The Skillman Corridor TIF Board approved amendments to its agreement with Prescott’s development entity, PC LH Land Partners, yesterday at a meeting at City Hall. The changes extend the project deadlines due to a sagging economy and credit crunch, increase TIF revenue reimbursements from $23 to $40 million and allow up to $1,370,000 in TIF cash to be paid out this month.
The new agreement also provides for the hiring of a consultant to provide expert advice to jumpstart the development process. No firm has been hired yet, but the City of Dallas recently paid $25,000 to hire Street-Works, a nationally-known urban village expert, to evaluate the status of LH Town Center and make recommendations.
The meeting began with a presentation by Street-Works’ Ken Narva, who’s currently working on the revitalization of Victory Park, unceremoniously dubbed “The Ghost Town” by Mavs owner Mark Cuban. The bad news, says Narva: The Town Center plans need work. The good news: It’s much cheaper and easier to get it right before it goes vertical.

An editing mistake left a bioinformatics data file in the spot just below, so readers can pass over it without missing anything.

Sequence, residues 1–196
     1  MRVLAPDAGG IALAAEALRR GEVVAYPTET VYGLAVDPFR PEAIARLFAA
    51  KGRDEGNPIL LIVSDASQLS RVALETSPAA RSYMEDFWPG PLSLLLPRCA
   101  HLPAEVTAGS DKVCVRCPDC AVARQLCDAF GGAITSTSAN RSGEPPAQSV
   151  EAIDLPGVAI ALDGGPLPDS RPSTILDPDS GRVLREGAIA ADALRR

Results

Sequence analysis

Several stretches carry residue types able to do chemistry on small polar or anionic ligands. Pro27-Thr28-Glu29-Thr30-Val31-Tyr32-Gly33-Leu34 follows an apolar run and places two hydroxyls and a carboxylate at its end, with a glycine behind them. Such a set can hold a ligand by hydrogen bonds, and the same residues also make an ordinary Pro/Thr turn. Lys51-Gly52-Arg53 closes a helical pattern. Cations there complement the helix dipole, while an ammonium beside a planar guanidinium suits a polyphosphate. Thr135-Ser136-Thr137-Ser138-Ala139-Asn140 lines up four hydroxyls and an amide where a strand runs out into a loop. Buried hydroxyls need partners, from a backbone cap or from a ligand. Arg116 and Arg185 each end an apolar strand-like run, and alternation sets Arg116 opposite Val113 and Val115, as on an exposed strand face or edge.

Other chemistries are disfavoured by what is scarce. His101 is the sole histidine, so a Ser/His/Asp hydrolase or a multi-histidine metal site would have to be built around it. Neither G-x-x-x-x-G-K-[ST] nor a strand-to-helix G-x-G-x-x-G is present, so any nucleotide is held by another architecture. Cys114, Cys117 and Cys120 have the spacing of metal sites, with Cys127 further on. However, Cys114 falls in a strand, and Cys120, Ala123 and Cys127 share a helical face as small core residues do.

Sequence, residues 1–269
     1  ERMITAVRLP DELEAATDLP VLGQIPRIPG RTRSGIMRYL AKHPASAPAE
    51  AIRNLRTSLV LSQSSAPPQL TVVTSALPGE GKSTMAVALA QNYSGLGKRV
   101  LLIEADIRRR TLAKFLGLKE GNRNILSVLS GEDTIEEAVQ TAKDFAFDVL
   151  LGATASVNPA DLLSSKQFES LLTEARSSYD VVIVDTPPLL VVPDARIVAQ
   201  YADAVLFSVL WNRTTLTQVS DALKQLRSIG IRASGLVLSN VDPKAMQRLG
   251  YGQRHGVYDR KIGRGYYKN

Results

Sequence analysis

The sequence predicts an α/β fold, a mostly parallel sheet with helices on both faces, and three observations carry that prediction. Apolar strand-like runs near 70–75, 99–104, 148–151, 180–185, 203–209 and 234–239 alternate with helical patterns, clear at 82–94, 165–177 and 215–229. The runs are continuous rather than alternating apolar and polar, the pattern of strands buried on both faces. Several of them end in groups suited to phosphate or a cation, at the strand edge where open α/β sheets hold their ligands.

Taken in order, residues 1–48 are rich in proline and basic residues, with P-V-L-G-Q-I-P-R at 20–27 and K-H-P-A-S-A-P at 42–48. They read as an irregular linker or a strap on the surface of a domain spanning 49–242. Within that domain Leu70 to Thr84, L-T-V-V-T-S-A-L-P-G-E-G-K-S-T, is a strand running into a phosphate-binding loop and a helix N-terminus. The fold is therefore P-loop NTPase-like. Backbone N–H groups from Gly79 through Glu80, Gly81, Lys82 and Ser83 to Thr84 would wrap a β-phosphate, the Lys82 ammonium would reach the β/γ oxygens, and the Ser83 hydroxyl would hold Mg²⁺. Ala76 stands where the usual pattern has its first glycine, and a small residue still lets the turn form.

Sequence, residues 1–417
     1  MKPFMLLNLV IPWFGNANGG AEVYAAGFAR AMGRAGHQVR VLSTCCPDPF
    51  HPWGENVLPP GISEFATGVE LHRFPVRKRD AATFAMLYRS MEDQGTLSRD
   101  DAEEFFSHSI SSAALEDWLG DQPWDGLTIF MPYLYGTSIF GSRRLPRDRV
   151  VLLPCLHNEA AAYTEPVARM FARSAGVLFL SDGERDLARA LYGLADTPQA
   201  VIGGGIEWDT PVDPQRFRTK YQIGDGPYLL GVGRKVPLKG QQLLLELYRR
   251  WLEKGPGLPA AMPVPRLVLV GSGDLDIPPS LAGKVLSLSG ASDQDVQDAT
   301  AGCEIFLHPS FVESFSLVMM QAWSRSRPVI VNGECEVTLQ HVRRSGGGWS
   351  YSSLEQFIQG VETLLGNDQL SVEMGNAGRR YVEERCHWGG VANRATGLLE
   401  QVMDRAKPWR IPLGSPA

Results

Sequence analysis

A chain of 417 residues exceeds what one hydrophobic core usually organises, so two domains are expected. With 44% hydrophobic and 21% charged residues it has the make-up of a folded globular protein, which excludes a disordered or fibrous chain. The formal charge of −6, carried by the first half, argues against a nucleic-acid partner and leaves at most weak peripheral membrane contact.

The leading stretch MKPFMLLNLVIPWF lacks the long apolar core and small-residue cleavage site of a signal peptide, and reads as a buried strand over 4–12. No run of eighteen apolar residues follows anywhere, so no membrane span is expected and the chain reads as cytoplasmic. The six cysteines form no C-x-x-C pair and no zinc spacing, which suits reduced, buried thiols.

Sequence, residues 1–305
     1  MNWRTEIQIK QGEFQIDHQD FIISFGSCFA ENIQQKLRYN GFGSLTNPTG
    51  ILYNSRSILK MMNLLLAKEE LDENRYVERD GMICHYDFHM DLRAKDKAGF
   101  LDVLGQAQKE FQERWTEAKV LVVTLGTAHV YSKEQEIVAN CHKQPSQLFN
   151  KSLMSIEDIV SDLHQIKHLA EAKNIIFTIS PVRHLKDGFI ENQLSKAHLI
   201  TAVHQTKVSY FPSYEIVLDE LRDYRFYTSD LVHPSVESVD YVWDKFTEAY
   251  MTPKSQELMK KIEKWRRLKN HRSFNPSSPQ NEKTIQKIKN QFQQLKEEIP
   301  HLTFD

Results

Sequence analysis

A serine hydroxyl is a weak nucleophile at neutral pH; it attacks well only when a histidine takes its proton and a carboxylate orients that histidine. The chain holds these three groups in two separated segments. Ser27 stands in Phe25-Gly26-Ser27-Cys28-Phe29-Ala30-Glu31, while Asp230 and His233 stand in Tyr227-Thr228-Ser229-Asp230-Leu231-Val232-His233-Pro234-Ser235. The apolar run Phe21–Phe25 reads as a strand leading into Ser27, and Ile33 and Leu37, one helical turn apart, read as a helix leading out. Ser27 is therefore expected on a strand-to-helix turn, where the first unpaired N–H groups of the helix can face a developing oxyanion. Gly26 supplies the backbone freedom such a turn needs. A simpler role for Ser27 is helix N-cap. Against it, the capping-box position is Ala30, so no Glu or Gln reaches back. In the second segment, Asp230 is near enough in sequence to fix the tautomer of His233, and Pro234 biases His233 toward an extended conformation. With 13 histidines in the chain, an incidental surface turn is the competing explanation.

On hand to protest were Lake Highlands residents hoping to be heard on a variety of issues, but concerns about a big box grocery store led the list. Jay Henry, owner of Royal Highlands Plaza at Skillman and Royal, provided before and after photos from his family-owned company’s work to revamp that center – with no public assistance, he added. The original Town Center plan called for tenants from outside the market, but signing a Tom Thumb will cannibalize and close the store in his center, he said. “These are significant public expenditures, and taxpayers are footing this bill.”
Barry Knight spoke next, representing the owner of LH Plaza, home of Highlands Café. He opposed the changes which increased PC LH’s TIF allocation and the provision to collect a portion now. “I don’t understand why there’s such a rush,” Knight added.
Protesting the protesters was Bill Blaydes, Dallas City Councilman at the time that Town Center developers were being courted. “This development has gone through some of the toughest economic time in the country,” Blaydes said. He applauded the public/private partnership required to keep the project moving.
From here, changes to the development agreement will go to the Dallas City Council for approval on June 22 before the council takes off for the month of July. We’ll keep you posted here on the blog.